I trained as a diagnostic radiographer and then I started working in clinical practice. In most large hospitals, you do occasionally get asked to undertake forensic examinations of one form or another. We used to get involved in X-raying the dead and bits of dead bodies that were discovered in woods.

Then, in the early 1990s, there were several terrorist attacks in London. I just seemed to be in the wrong place at the wrong time in different hospitals. I was involved in dealing not only with the living that came from those incidents but also the deceased, and I became aware of a training issue within our own profession. People just didn’t have a clue what they were supposed to do. Taking an X-ray to find out whether there might be an item of evidence means that the radiograph you take is potentially going to be scrutinised in a court. We did not understand that at all.

What was it like to work in the Balkans?

In the mid-1990s, I took a call from a pathologist who I used to work with in the hospital. He was looking for radiographers to assist the United Nations in the Balkans [an area of south-eastern Europe where several wars were fought during the 1990s]. They were exhuming bodies from mass graves. Over the next few years, we set up protocols and trained people to go out and X-ray the human remains. We were operating out there, usually from April to October each year, working as part of a team with pathologists, scenes of crime officers and various scientists.

We use a thing called a fluoroscope, which is like a video X-ray. We would open body bags and screen the remains of individuals who had been exhumed from mass graves after three or four years. We were looking for bullets and bullet fragments, as well as any other items of evidence. When you bury a body in the ground for several years and then dig it up, everything looks the same colour. The advantage of using X-ray is that all the metallic stuff really stands out. It’s quite important with ballistic material to be able to get it out without damaging it because you can then trace it back to the gun that fired it.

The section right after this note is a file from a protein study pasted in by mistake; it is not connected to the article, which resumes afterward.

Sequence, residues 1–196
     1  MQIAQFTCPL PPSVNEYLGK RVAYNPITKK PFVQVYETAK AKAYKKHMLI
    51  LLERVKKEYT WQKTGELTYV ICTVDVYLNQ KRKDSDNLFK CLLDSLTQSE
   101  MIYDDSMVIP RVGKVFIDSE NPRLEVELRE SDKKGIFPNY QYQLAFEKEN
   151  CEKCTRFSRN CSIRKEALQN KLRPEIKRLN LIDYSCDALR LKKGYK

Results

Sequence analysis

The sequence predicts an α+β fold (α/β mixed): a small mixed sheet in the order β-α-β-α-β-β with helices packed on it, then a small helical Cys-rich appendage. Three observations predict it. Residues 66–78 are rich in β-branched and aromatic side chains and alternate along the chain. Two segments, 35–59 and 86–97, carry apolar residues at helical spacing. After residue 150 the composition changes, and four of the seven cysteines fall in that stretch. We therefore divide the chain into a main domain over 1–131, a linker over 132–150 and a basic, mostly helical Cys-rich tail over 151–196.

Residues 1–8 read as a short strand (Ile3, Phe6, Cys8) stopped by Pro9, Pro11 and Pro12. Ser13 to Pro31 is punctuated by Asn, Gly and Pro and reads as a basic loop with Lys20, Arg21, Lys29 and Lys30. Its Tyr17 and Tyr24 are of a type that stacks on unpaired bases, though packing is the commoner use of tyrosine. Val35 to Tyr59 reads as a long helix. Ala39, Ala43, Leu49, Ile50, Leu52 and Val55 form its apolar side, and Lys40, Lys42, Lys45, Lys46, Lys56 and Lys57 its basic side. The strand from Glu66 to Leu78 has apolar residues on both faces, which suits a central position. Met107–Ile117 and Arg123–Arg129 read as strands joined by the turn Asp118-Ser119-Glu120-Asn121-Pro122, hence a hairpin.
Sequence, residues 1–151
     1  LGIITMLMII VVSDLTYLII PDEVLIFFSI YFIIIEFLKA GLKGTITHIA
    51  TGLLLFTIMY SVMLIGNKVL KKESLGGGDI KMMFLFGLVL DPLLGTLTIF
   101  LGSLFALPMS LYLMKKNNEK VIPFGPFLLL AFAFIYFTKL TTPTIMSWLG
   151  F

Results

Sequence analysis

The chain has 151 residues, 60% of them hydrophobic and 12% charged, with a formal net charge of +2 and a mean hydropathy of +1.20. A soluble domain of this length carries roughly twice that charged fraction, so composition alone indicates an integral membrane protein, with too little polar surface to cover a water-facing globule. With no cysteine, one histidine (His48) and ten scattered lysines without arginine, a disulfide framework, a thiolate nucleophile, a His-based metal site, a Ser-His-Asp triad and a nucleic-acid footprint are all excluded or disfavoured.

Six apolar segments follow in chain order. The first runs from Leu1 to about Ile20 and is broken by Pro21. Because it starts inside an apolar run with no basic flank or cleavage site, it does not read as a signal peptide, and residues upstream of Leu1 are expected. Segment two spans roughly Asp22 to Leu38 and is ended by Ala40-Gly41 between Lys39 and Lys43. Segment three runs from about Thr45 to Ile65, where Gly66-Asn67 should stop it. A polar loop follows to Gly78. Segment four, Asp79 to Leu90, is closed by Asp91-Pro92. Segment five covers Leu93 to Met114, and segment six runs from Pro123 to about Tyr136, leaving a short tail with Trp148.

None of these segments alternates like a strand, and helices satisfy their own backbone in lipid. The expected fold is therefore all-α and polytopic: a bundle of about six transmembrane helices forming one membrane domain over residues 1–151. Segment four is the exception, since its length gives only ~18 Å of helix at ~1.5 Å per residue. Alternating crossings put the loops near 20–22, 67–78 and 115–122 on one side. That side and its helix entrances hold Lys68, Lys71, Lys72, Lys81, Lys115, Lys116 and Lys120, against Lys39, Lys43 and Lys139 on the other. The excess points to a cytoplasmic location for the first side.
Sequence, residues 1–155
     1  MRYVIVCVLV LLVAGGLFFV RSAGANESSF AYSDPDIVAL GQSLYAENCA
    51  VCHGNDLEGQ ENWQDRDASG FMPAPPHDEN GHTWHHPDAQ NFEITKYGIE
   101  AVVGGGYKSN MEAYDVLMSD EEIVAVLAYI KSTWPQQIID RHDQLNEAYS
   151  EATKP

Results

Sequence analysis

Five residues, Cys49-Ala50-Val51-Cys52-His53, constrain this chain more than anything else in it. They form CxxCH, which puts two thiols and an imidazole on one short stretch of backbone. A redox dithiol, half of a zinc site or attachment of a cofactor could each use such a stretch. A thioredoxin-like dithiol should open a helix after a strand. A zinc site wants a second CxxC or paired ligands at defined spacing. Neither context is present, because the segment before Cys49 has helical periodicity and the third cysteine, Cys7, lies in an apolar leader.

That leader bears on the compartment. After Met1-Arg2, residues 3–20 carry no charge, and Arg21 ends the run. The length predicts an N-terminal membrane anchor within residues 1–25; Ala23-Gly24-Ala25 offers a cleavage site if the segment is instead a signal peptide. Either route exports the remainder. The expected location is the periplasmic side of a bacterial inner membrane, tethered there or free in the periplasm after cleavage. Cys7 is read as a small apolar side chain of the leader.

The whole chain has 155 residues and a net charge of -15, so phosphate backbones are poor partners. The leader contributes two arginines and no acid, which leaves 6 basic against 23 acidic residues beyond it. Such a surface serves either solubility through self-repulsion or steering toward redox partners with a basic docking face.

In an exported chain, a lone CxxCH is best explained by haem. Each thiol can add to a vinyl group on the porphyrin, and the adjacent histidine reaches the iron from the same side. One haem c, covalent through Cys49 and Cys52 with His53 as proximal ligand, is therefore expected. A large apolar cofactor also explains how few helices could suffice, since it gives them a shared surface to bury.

The aim of the exercise was to determine the cause of death and the identities of people in the graves. The charge was that all these guys of fighting age had been rounded up, taken to the woods and shot. Could there be any charge that they had died fighting? This defence does not stand if the bodies had their hands tied behind their back, had blindfolds on and had been shot in the back of the head.

We found a lot of incidents of blindfolds and ligatures, and investigators would find bullet casings by the sides of the graves. These people had been lined up along the sides of the grave, had been shot and had fallen in. All of the evidence put together made sense of what you, as an individual, were finding.

I went out numerous times – probably 13 to 14 times over six years. It was rewarding from a personal and professional perspective. I think everybody was affected by it to one degree or another. You can’t deal with that sort of scale of macabre criminality without being affected. I think the key thing is to remember that you are doing a scientific job and you have to just focus on the science. Once you start putting names, faces and personalities to these individuals, it actually becomes very difficult to deal with.

How do you become involved in forensic radiology?

You have to train as a radiographer or a radiologist. There are probably only 20 or 30 people who are regularly involved in forensic radiology in the UK, so it would be very, very competitive to get into doing it full-time. As with any forensic specialty, you need a day job that allows you to become an expert. It is very rare to do a degree in forensic science and then walk out of the door and get a job, but it is an interesting sideline.

Further reading

About this resource

This resource was first published in ‘Inside the Brain’ in January 2013 and reviewed and updated in November 2017.

Topic:
Neuroscience
Issue:
Inside the Brain
Education levels:
16–19, Continuing professional development